Economic Roots of the Consumption Dilemma
Updated: May 14
I’m finishing up my M.F.A. in Design for Sustainability at Savannah College of Art and Design, and this is my first blog post. Don’t let the academic format scare you. I’ve worked to make what I think is really interesting information accessible to a broad audience. Doing so is one of my passions, in fact.
(photo credit: AdobeStock_162379916.jpeg)
It’s been fascinating to me to learn about the foundations of our current climate crisis, ways of thinking through problem solving, and how designers can play an enormous role in helping us get out of the mess that in large part, design got us into in the first place. If you’re interested in design, sustainability, and ways to work on changing our broken systems, buckle up. This is just the beginning, with many more posts to come!
Here we go:
As Victor Margolin wrote in The Politics of the Artificial, many consumers and most businesses still operate in what he calls the Expansion Model of society (Margolin, 2002). During the 19th century, economic models in the West placed different geographic regions within a hierarchical structure of importance. These models reinforced colonial endeavors and attitudes, and a concrete idea of expansion theory (ibid). Today the expansion model looks slightly different, consisting of a world made of markets for the exchange of products and raw materials (Margolin, 2002).
Until recently the biggest market contenders have been the economically developed countries of Europe, North America, and Japan, also called The Triad. Economic power has since shifted to include China, recently industrialized countries in Southeast Asia, and a few others such as Brazil (Margolin, 2002). All of these function use the expansion model.
One of the many problems with this is that all persons are considered consumers before they are considered humans, wives, fathers or individuals. Instead of measuring human welfare, the GDP, or Gross Domestic Product, is used as the primary measurement of economic health and evaluates only the market value of goods and services produced within a nation (Raworth, 2017). Growth of product sales is sacred. Quality of life fails to be evaluated.
By the logic of the GDP, a country is more successful if people get divorced, because if they have children they need two homes, two sets of toys and supplies. It’s more successful if crime increases because items need to be replaced. Success decreases if a parent stays home to care for children, or if a person decides to live more simply. This begs the question of whether the definition of success needs revision. Only a few states or regions have adopted the use of the alternative, Genuine Progress Indicator, which attempts to do just that (Utah Council, 2020) .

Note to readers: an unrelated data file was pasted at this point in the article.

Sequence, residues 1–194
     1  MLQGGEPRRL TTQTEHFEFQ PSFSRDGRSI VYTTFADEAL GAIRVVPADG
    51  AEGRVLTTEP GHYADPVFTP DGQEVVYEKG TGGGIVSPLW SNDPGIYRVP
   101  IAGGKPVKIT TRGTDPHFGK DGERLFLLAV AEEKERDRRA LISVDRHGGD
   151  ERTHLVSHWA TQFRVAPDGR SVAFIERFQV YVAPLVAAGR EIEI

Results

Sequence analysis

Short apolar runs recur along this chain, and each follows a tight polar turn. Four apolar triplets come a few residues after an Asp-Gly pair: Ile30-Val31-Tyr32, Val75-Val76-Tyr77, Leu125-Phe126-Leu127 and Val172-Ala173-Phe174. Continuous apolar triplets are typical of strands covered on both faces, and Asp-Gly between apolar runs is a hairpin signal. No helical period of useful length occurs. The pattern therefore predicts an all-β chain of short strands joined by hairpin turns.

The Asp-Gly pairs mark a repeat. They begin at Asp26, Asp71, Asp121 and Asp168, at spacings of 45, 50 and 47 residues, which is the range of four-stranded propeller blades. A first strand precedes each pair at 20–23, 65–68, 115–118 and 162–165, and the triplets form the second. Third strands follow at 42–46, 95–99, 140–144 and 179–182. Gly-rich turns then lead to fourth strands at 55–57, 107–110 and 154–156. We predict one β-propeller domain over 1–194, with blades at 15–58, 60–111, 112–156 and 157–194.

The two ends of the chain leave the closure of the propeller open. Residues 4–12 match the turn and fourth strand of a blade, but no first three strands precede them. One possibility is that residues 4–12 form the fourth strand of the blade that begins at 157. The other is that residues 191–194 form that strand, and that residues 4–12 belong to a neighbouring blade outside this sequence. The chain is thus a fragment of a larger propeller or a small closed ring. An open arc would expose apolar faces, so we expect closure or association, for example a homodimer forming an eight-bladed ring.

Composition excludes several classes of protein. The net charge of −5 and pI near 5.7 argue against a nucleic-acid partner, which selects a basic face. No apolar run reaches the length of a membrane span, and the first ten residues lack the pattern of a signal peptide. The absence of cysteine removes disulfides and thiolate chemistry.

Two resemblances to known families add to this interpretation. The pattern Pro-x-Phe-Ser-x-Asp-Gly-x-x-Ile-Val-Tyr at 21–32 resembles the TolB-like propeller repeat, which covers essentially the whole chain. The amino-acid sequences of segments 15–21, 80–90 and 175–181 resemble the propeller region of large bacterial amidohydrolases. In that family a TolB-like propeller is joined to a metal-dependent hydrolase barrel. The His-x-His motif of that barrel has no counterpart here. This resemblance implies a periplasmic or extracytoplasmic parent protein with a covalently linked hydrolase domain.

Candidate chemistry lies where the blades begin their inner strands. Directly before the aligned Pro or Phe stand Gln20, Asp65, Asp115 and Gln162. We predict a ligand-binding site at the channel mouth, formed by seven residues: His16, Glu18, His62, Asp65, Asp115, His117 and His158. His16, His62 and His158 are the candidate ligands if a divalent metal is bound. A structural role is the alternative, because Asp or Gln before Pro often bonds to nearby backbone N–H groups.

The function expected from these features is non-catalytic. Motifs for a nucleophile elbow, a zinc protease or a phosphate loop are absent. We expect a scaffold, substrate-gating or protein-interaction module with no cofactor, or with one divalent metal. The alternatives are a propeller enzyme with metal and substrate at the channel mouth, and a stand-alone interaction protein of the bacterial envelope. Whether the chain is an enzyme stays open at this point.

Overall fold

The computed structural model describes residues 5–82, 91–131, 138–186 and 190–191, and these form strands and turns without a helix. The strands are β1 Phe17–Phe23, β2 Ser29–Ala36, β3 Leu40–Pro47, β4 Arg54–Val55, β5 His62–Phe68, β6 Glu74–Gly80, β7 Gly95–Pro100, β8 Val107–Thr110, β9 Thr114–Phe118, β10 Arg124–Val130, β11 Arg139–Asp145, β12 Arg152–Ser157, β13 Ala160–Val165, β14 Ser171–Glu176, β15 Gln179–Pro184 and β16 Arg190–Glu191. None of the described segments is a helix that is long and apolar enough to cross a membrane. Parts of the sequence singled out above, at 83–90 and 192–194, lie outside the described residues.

(image Copyright © 2011 Günseli Berik and Erica Gaddis)
In his essay titled, Economy and Pleasure, Wendell Berry examines this through the lens of agriculture. He says that competitiveness based throughout the industrial age on ever accelerating technological innovation has resulted in accelerating dependency on purchased products made increasingly far from home (Berry, 1988). He goes on further to say,
“The great fault of this approach to things is that it is so drastically reductive; it does not permit us to live and work as human beings” (1988).
Wendell Berry, Image From New Statesman
An alternative to the existing Expansion Model, the Sustainability Model came into being after several comprehensive studies about the state of our natural systems were completed around 1987 (Margolin, 2002). This model presents the world as a system of ecological checks and balances in the context of finite resources. It prevents “overspending” from our naturala budget, which is crucial if we don’t want to go into foreclosure or bankruptcy. Without a system of accountability, elements of the existing system become unbalanced and essential resources depleted, causing the world to experience significant damage or possibly face collapse (2002).
The Sustainability Model is more rational than the Expansion Model, but has not accommodated the dynamic nature of production and trade that is fueling the development of an emerging global economy. This has led large portions of the public in industrialized countries to either ignore it or pay it lip service only (Margolin, 2002). Alas, the Sustainability Model requires a redefinition of success and growth.
In a Design Issues article in 1994, Ezio Manzini provided three consumption scenarios that he said were necessary because redesign of existing products would be insufficient in the face of the current, structural crisis (Margolin, 2002).
The first of these involves reframing the view of objects to replace the idea of novelty with one of attachment and care. To do this we must trade our addiction to disposability for an appreciation for quality, craft, and objects that improve our sense of belonging. or our memories of special people, places, or times. The second envisions utilizing product sharing of goods we don’t need to have all the time, or creating services to meet specialized needs. The third will be the hardest for people to accept because it calls for decreased consumption. However, if humans insist on a definition as consumers, we can at least consume less (Margolin, 2002). In doing so, we may be surprised that we can not only survive, but thrive.